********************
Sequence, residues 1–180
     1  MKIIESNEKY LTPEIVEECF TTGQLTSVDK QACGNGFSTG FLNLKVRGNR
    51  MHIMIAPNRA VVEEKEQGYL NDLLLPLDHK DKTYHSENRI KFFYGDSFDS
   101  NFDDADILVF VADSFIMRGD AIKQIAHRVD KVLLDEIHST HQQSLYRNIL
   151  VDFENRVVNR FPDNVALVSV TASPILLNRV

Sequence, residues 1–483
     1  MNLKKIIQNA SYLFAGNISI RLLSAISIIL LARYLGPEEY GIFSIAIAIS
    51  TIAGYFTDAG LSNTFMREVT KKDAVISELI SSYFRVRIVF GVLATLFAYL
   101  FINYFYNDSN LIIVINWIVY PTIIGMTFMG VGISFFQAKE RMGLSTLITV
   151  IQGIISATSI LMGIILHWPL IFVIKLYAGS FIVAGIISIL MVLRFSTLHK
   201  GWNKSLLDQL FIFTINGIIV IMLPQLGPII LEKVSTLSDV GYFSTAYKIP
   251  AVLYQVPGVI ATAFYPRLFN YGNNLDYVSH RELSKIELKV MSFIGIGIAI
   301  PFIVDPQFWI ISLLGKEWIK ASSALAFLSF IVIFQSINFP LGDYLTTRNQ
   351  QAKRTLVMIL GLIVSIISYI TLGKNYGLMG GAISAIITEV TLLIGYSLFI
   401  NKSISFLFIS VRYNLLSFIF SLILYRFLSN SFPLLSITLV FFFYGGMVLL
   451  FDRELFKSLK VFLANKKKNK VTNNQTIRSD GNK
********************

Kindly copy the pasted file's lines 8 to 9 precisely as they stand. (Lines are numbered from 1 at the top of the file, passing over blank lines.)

    51  TIAGYFTDAG LSNTFMREVT KKDAVISELI SSYFRVRIVF GVLATLFAYL
   101  FINYFYNDSN LIIVINWIVY PTIIGMTFMG VGISFFQAKE RMGLSTLITV